Bears' Thanksgiving Failure a Scathing Indictment of Emery Regime

Detroit 34, Chicago 17

If there was any delusion in the fanbase of the Chicago Bears that this team was on the verge of making a run and making the playoffs, it was quickly dispelled as the Detroit Lions went on a 31-3 scoring run and knocked off the Bears at Ford Field on Thursday afternoon.

The game started out well for the Bears, with Jay Cutler and the team’s offense marching down the field and scoring on their first drive. The good play continued when the Bears recovered a fumble deep in Detroit territory, and Cutler threw another touchdown to make it 14-3 with about three and a half minutes remaining in the first quarter.

As soon as Alshon Jeffery came down with that pass, everything started to go wrong for the Bears. The Lions ultimately scored 21 points in the second quarter alone, and they added another touchdown in the fourth quarter to put things out of reach. After the Jeffery touchdown, the Lions outgained the Bears by a 423-195 margin, and on their three scoring drives in the second quarter alone they gained 228 yards.

This loss was more than just another lopsided defeat in a season full of such embarrassing blowouts. The entire game was an indictment not just of Marc Trestman and Mel Tucker, but it was a ringing repudiation of everything that Phil Emery has built for the organization over the past three years.

The defense, which started out well with getting pressure on the quarterback, had absolutely no answer for Calvin Johnson, with Brock Vereen and Kyle Fuller looking foolish in several instances. Golden Tate was no easier riddle for the team, as he caught eight passes of his own. Even the Lions’ running game, which was missing its best player in Reggie Bush, was pretty solid in the game, with Joique Bell running for 91 yards on 23 carries.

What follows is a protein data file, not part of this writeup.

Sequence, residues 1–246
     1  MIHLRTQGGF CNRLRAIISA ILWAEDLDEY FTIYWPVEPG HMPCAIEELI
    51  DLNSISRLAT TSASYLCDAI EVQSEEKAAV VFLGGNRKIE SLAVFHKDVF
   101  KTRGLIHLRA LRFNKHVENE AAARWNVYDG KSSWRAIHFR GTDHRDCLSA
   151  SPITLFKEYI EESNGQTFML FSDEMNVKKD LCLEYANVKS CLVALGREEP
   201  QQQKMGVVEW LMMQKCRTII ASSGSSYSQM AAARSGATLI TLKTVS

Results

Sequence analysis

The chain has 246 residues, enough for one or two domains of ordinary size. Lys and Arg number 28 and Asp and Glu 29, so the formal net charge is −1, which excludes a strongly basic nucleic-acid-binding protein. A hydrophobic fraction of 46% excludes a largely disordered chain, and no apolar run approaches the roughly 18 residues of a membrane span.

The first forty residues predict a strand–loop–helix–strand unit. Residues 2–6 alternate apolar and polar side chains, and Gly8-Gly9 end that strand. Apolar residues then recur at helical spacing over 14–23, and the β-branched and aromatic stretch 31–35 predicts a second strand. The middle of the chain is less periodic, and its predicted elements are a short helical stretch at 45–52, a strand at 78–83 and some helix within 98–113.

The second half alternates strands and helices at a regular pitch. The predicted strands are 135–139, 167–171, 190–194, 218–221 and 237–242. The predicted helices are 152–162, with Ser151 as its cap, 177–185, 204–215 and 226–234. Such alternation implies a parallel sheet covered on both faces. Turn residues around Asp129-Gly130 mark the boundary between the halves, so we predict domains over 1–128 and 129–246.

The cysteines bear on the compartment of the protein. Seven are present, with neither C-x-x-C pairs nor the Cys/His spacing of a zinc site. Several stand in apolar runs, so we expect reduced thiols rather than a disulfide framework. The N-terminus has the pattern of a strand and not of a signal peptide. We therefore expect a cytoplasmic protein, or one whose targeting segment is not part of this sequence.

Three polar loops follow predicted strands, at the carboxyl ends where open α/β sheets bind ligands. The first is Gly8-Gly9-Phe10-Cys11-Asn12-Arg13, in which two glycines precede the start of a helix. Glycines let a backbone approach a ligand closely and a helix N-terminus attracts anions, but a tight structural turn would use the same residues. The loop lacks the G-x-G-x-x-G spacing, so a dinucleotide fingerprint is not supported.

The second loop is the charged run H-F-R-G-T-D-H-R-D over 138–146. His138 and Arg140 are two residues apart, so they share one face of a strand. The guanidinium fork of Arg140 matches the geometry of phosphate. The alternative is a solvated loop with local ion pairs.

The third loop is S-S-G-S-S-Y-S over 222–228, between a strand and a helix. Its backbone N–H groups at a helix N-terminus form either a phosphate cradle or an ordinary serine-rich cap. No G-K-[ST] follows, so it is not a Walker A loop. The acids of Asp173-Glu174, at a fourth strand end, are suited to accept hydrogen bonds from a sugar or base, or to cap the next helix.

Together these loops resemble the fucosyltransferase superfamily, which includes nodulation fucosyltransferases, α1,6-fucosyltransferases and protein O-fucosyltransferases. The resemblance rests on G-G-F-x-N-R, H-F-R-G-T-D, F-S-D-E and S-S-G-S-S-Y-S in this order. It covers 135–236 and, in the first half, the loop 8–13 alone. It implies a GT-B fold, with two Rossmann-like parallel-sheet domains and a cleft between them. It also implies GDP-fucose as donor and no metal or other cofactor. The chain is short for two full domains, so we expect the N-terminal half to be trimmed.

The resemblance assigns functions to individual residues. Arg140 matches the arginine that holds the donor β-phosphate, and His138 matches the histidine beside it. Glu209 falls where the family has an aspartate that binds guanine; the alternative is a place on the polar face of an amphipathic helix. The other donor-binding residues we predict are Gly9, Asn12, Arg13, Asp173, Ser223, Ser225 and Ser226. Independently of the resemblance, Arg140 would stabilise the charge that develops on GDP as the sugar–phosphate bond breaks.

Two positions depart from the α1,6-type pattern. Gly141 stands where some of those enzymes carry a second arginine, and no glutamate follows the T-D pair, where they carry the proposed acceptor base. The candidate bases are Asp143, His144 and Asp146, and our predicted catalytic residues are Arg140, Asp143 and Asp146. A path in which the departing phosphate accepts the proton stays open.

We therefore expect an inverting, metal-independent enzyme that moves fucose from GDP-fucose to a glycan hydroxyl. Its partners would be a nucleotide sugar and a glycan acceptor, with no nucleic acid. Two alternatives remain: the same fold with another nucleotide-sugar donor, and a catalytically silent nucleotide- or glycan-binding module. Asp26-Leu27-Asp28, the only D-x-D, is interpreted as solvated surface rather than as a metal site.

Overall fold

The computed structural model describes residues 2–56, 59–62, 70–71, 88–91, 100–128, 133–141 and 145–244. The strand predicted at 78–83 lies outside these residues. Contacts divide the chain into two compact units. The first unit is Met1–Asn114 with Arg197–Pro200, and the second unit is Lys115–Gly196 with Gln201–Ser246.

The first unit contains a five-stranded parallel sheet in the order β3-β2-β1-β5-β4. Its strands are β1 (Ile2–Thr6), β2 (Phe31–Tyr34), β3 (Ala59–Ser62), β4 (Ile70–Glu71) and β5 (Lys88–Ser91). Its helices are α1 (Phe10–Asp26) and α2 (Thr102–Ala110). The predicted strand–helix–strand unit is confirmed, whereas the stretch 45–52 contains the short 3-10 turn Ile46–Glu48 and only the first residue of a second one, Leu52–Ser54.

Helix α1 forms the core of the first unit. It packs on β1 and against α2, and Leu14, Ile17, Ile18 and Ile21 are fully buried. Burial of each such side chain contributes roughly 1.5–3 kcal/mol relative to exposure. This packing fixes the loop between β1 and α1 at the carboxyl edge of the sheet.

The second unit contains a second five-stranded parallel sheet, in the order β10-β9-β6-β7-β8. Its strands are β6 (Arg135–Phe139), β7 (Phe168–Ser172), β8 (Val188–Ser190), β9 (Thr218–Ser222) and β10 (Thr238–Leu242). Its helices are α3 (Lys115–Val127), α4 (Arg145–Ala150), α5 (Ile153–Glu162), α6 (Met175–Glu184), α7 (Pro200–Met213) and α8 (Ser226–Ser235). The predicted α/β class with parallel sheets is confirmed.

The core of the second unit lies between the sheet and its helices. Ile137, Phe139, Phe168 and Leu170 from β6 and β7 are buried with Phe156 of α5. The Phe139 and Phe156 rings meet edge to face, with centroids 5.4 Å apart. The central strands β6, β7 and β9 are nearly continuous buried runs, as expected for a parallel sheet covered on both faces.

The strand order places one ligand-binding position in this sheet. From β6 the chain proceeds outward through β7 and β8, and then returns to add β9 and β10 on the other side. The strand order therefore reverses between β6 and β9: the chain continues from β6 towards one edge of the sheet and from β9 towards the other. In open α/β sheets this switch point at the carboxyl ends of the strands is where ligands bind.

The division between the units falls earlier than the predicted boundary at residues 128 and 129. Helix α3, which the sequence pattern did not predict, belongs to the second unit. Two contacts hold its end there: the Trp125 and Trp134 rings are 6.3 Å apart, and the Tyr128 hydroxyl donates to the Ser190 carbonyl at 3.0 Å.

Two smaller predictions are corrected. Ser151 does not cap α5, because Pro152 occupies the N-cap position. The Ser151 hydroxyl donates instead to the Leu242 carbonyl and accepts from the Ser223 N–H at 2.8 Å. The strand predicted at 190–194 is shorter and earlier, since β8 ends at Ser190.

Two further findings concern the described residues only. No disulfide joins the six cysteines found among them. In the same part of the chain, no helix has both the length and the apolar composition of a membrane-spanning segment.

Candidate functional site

Not to be outdone, the offense came into the game looking for Cutler to get rid of the ball quickly, and they used slant patterns, screen passes, and play action to keep the Lions off-balance. It worked well for a while, but Detroit finally adjusted to address the threat, and Trestman and company were not able to provide an adequate counter-punch. That has been the narrative on numerous occasions this season, and it was there for a national TV audience to see on Thursday.

In a way, one almost has to feel sorry for the Bears’ players. Injuries have robbed them of depth at key positions like cornerback and defensive end, and against a talented offense they look woefully outmatched. Emery’s big-ticket acquisitions have done nothing for the Bears, and even though his draft picks from this season have worked out to a degree this season, they still have a long way to go before proving that they are long-term NFL assets.

Worse yet, Emery’s decision to give long-term extensions to Cutler and Brandon Marshall has been nothing short of a disaster. Cutler isn’t solely to blame for this team’s struggles, but Trestman and the coaching staff have either lost trust in him or are trying to simplify the offense to make him more effective, and in either case, it's a troubling development. Marshall still makes some plays for the team, but with his tendency to drop passes recently (he dropped two more in Thursday’s game) and his increased agitation both with the media and within the Bears’ locker room is making his three-year extension look more like a millstone around the Bears’ necks than a shiny monument to the accomplishments of the Emery regime.

Any way you slice it, change is going to come at Halas Hall, and it needs to. Tucker is overmatched as defensive coordinator. Trestman has proven time and again that he can’t adjust to what an opponent is throwing at his vaunted offense. Cutler is going to always be the “carry the ball too low, force it into coverage at inopportune times” quarterback. Marshall is a potential time bomb waiting to explode.

These are not facets of a successful NFL franchise, and if the Bears are going to be a competitive team at any point in the near future, then they are surely going to need to prune some, if not all, of these pieces away from the organizational tree. 

And they'll likely need a new gardener to do the job. 

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